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Op-Ed: “The True Cost” of the Global Garment Business

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It’s about time. Someone has finally produced a compelling documentary about the ills of the global garment industry. I’m speaking about “The True Cost,” a new documentary by director Andrew Morgan. Morgan’s documentary does well at showing some of the seedy aspects of the global garment industry, as well as the downside of globalization.

Having worked in textile and apparel industry for more the 30 years, I can attest that Morgan’s documentary is an accurate portrayal of the global garment sourcing business today. In my experience, globalization is great, but only to a point. When excessive consumerism acts as a carrot for profit, abuses occur all under the name of “just doing business.” And morality seemingly takes a back seat.

After the end of the Multifiber Arrangement—the much-maligned government program of global quotas that regulated the international trade of textiles and apparel for more than two decades—the global garment trade took off. However, as the industry’s supply chain expanded and efficiencies improved, new costs crept into the system.

Some say these costs are hidden, but as “The True Cost” demonstrates, most of these costs are hidden in plain sight.

The industry suffers from a long history of worker abuses, measurable environmental damage, and over-consumption of garments throughout the world. Today’s garment industry is a balance between low-cost supply in the developing world and hyperactive consumption in the developed world.

Indeed, we live in a time of extreme change. Developing countries are growing rapidly while developed countries are turning into consumer societies. From a different vantage point, fast fashion has succeeded in convincing consumers to buy what they really don’t need. How many T-shirts can one consumer have? How low do prices need to go? Is consumer demand insatiable?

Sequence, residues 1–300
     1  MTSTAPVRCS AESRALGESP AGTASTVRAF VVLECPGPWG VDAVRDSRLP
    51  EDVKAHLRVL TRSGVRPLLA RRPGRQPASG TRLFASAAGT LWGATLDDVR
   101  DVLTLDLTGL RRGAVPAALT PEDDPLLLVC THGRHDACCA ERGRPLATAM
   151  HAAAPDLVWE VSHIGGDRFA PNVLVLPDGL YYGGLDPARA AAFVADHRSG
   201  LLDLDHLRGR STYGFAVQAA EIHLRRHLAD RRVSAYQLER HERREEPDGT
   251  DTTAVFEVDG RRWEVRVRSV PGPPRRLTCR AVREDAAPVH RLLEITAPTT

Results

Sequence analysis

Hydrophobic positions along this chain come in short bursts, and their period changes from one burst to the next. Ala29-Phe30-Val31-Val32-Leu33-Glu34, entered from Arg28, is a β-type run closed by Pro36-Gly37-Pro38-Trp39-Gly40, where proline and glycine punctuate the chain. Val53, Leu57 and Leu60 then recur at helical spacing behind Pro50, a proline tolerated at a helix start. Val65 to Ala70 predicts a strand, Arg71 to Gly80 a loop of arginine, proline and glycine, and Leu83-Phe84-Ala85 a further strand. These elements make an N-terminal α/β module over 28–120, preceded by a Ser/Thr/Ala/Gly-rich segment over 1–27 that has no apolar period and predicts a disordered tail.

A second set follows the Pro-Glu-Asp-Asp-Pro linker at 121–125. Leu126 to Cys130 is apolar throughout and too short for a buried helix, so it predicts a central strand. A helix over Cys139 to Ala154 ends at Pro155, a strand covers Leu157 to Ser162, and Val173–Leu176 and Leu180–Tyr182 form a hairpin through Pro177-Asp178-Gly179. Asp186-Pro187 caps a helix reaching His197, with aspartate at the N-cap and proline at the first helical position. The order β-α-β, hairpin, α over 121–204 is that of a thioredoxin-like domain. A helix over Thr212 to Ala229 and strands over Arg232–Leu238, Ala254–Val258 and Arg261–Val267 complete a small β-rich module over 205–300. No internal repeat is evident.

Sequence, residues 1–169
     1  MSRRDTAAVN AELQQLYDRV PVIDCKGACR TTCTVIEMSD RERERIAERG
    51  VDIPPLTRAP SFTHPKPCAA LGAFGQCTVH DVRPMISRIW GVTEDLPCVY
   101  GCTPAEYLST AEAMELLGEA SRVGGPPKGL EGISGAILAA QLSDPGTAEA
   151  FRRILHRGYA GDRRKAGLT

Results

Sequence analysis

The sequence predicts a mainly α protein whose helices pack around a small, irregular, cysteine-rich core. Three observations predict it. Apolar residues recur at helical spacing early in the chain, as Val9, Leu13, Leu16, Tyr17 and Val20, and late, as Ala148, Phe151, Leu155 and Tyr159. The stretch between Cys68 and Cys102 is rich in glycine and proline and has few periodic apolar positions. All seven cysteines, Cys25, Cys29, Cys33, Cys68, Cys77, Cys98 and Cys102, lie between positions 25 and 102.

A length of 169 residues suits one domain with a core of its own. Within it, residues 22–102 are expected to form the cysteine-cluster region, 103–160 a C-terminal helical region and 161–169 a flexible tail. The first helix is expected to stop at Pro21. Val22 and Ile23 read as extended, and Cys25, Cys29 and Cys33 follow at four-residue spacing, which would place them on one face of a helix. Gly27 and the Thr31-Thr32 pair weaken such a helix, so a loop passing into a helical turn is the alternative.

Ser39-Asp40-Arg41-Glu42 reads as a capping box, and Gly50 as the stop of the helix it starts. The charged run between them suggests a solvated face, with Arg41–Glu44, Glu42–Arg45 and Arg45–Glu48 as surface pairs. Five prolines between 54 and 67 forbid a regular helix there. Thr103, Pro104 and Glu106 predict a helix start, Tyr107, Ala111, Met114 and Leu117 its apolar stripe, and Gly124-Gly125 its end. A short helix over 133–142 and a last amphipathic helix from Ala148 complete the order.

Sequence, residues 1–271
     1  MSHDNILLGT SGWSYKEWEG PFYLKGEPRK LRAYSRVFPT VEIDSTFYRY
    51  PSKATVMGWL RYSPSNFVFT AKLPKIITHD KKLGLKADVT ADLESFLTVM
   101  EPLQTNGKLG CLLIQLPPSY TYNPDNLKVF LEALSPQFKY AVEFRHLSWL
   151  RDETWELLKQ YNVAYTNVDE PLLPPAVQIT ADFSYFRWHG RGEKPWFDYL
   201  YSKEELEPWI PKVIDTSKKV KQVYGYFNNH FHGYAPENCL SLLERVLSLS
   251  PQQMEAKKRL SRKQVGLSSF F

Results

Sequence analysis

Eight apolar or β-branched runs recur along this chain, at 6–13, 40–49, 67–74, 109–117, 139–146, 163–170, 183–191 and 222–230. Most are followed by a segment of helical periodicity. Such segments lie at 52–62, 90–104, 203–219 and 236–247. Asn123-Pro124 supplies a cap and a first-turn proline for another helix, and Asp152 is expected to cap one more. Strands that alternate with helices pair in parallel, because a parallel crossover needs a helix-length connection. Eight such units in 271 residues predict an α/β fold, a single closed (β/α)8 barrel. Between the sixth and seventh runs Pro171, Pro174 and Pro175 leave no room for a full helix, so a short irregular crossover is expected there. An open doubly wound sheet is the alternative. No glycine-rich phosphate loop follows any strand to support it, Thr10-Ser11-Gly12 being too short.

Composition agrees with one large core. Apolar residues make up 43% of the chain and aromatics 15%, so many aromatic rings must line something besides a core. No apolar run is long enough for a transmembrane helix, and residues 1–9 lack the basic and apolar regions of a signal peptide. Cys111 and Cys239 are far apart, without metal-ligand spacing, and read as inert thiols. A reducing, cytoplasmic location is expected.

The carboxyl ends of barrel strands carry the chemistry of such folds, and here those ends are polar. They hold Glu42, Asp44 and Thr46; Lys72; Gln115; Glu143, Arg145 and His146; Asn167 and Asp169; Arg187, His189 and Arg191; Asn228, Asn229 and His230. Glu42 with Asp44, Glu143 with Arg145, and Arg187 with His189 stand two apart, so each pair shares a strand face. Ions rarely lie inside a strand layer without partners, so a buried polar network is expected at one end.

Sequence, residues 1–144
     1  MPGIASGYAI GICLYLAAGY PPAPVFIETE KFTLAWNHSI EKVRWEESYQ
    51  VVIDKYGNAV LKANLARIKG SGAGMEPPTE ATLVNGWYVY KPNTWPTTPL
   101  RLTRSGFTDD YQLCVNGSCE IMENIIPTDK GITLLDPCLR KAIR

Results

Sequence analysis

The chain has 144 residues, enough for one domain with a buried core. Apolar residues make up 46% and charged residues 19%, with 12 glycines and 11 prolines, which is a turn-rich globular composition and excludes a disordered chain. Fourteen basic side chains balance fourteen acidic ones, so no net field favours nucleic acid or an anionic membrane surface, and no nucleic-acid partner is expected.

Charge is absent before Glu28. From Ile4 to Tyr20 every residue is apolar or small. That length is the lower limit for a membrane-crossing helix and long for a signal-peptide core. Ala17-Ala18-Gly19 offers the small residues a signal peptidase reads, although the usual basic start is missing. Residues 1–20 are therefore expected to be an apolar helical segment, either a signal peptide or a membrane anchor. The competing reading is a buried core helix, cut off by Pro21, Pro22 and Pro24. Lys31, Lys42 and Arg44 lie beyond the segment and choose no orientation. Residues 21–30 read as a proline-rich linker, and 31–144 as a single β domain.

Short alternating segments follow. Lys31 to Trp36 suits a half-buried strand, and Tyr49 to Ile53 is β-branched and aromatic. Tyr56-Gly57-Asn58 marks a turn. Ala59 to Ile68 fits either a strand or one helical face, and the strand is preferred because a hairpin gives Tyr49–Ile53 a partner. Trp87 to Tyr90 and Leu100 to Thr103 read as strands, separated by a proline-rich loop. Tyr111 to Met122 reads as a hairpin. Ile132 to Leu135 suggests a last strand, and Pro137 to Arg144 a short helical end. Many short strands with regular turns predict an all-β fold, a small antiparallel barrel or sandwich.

Too much of a good thing can lead to problems. If you drink too much booze for too long, you may become an alcoholic. In turn, too much free trade, open markets, with weak regulation may result in hyperactive industries that over-produce, harm the environment, over-saturate consuming markets and leave a trail of worker abuses. It’s not an attractive picture. Although “The True Cost” is a sound portrayal of many the problems in the global garment industry today, I fear the film fails to offer compelling solutions to those problems. Let me explain.

The film’s director suggests that perhaps the global economy is at fault. He also questions the long-term viability of capitalism.

Morgan notes that as free markets are left free to run amok, a plethora of problems will result, like over-consumption, worker abuses and degradation of the environment. He’s right, but ending capitalism, as he implies, is not the answer. What would be the alternative?

The world has tested lots of other systems—Socialism, Communism, Dictatorship—and the results haven’t been great. Capitalism comes with good and bad; it’s not perfect. Of course, people aren’t perfect either. But despite its faults, capitalism has provided far more benefits to the world than detriments.

Morgan then suggests that environmentalism provides hope to clean up the industry. However, I believe he has gone too far in incorporating environmentalism as a catch-all solution for the industry’s shortcomings. Specifically, I think his enthusiasm for organic cotton is misplaced and takes away from his core message. He may have added a discussion of organic cotton to provide an example of the effects of globalization on the textile supply chain. Certainly, without the global success of GMO (genetically modified) cotton production, ever more voracious textile mills would never be able to buy enough cotton to meet their needs. Organic cotton suffers from modest yields per acre, is difficult to grow, lower quality and costs much more than GMO cotton.

Price, quality, and quantity are essential for any cotton mill.